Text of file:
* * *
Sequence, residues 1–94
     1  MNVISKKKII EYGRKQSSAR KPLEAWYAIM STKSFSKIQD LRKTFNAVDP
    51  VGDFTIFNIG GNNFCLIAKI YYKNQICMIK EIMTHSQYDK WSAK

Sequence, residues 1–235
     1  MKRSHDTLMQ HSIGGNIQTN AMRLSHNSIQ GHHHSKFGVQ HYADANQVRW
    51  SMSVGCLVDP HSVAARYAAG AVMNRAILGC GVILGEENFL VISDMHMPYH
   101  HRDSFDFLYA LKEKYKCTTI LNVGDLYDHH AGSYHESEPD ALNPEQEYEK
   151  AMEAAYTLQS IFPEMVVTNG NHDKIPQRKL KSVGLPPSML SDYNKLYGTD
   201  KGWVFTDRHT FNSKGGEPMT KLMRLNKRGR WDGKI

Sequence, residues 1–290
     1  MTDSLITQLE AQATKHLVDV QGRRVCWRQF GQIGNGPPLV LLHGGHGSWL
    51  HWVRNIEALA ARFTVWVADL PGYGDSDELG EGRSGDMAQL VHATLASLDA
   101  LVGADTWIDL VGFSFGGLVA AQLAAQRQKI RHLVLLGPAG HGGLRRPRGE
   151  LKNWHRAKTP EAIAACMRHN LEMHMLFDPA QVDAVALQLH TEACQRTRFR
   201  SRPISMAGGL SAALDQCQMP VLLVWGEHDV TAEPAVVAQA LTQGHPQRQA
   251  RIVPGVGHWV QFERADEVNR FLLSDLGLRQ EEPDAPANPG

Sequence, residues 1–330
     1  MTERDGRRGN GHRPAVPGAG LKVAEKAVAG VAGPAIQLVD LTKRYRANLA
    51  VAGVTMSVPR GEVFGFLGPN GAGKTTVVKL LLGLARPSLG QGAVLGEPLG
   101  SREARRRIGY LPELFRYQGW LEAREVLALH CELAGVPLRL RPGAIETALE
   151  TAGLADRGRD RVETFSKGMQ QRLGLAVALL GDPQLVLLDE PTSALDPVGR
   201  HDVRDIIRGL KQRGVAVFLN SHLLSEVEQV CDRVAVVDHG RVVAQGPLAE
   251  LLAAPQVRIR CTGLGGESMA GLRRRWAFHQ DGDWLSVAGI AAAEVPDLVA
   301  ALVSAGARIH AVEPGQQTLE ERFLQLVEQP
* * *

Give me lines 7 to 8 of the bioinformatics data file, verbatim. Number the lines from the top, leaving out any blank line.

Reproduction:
   101  HRDSFDFLYA LKEKYKCTTI LNVGDLYDHH AGSYHESEPD ALNPEQEYEK
   151  AMEAAYTLQS IFPEMVVTNG NHDKIPQRKL KSVGLPPSML SDYNKLYGTD